After a few days, the problems usually tend to get worse.
I nearly tore my hair out trying to resolve these annoying issues. Normally it is only a matter of searching on Google to find a WordPress fix, but this one eluded me for a while.
In the end, the solution came from two pieces of information that I glued together after my frustrating hunt through probably hundreds of advice articles.
The problem is that Cloudflare, WordPress and your admin pages are all using different and competing cache settings.
But don’t worry because the solution is quite easy. Once you set your Cloudflare pages rules and cache, WordPress will be like new again.
Cloudflare just needs a couple of special setup tweaks to work with WordPress.
How to get WordPress admin pages to work with Cloudflare.
There are two simple steps involved in solving your WordPress slow admin page problems on Cloudflare.
First, and most importantly, you have to change one automatic cache expiration setting in Cloudflare.
This is where all the admin page problems start from because you need to use your WordPress cache settings and not the default Cloudflare settings.
The default settings are for a couple of hours of caching. This is why the admin pages lag so badly. You definitely want to cache your site, but you don’t want to cache any of your back end admin pages.
You can fix this very easily by changing one cache setting in Cloudflare.
How to change the cache setting
Login to your Cloudflare account. Then on the Cloudflare dashboard, click on the menu item, Caching.
Now, change the Browser Cache Expiration setting to Respect Existing Headers from the drop-down selection box.
Your cache is now working correctly. The cache for you admin pages is now controlled by WordPress and not by Cloudflare.
Add your Cloudflare page rules
Next is to fine-tune your admin page performance.
Here are the best Cloudflare page rules for WordPress.
Go to Page Rules to set up your page rules.
You will need to add three rules. As you only get three rules with a free Cloudflare account, it is important to use them wisely.
Add your first rule for your wp-admin page. You can copy the rule below but edit it to your own site URL.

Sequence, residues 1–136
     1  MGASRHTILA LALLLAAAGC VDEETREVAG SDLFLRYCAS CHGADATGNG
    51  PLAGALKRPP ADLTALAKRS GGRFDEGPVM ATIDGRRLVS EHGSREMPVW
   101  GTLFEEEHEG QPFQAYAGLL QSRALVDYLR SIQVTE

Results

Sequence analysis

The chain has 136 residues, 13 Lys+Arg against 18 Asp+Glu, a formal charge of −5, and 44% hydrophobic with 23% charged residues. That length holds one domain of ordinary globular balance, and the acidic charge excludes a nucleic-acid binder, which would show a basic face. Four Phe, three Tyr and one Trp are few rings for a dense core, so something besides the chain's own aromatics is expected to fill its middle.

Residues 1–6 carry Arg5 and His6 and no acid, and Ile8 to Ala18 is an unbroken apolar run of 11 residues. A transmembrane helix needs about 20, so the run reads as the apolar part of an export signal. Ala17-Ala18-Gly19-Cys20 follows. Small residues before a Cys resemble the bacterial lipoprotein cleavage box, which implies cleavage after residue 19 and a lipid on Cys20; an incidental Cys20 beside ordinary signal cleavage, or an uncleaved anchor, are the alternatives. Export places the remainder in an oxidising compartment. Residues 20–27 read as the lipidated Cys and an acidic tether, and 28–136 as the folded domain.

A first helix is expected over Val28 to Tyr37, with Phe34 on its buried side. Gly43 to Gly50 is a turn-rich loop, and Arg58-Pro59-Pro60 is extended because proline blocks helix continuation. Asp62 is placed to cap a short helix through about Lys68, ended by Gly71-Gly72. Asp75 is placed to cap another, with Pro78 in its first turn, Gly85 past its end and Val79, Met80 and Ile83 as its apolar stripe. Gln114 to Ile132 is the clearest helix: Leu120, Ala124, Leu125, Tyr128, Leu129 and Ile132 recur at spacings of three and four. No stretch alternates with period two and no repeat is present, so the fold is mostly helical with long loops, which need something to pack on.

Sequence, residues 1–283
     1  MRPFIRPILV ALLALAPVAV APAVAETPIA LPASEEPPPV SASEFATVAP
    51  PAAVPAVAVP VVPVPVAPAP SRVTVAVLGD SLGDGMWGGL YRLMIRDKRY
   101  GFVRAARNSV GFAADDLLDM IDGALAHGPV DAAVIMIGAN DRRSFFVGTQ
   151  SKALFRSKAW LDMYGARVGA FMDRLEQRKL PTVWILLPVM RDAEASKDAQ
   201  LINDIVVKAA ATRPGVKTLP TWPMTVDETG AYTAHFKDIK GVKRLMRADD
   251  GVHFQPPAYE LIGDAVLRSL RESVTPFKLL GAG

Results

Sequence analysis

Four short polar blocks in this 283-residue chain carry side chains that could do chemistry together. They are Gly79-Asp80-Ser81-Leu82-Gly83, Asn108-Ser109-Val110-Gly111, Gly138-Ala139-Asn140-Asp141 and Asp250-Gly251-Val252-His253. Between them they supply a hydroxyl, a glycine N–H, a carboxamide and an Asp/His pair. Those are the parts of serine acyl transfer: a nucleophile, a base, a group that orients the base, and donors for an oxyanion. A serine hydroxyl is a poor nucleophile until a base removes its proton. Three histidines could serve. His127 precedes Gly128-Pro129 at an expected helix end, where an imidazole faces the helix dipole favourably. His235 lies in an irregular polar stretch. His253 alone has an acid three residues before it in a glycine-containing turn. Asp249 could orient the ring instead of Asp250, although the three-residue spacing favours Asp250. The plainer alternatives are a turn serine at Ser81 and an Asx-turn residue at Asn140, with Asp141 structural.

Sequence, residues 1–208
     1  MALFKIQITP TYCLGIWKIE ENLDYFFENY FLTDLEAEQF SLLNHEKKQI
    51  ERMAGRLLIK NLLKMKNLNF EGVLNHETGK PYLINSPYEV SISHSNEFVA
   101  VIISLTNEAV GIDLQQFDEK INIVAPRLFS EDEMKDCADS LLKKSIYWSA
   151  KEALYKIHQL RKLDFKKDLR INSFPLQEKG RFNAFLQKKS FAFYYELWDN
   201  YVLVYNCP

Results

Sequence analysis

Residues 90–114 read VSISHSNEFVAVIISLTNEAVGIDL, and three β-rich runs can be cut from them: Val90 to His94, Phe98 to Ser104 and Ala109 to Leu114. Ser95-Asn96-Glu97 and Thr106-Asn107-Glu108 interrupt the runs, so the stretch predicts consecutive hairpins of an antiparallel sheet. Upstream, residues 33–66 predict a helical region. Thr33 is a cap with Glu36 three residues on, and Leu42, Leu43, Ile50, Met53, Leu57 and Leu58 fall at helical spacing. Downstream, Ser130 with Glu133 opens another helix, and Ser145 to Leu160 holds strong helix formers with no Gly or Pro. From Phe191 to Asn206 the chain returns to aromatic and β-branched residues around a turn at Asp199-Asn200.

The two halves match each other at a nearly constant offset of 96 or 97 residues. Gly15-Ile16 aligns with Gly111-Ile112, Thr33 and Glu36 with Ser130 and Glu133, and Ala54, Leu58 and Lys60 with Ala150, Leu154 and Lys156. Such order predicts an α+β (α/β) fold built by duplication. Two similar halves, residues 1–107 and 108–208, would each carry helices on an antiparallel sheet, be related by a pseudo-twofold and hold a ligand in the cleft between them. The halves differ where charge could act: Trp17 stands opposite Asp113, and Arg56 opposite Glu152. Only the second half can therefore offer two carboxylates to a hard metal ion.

Then add two settings. Cache Level and Disable Performance.
You can set the cache to Bypass on all of the three rules. There are other settings for Edge cache ttl and Browser cache ttl, but you don’t need to use these settings.
The second rule you need to add is to stop any interference with your editor and draft preview function.
Lastly, you want to make sure Cloudflare doesn’t affect your login page.
Now you need to set the order of your rules as in the image below to make sure they load in the correct order.
To set the order, pull up or down using the arrows on the left of the rule box.
That’s all you need to do.
You can add two more settings to all three of your page rules if you find your performance is still a little slow.
If you are using Cloudflare’s Rocket Loader, it is a good idea to stop it working on your WordPress backend. You can do this by adding Disable Apps and Disable performance.
Now you will have all your backend WordPress admin pages behaving perfectly again.
Using a CDN is well worth considering for any WordPress site.
Not only for extra site security and to reduce page loading times, but also to ensure that your site visitors have a positive experience when they visit your site.
Google has made it clear that it prefers fast loading websites and has made page speed a strong ranking factor. So this is another very important reason to think about upgrading your site with a CDN.
Maintaining your blog and ensuring it is working for you is always work in progress. Keep looking for small improvements you can make to your blog to increase your visitor satisfaction and return rate.
I started my working life as a lithographer and then spent over 30 years in the printing and publishing business.
Originally from Australia, I moved to Switzerland 20 years ago. My days are spent teaching English, writing and wrestling with technology while enjoying my glorious view of the Alps.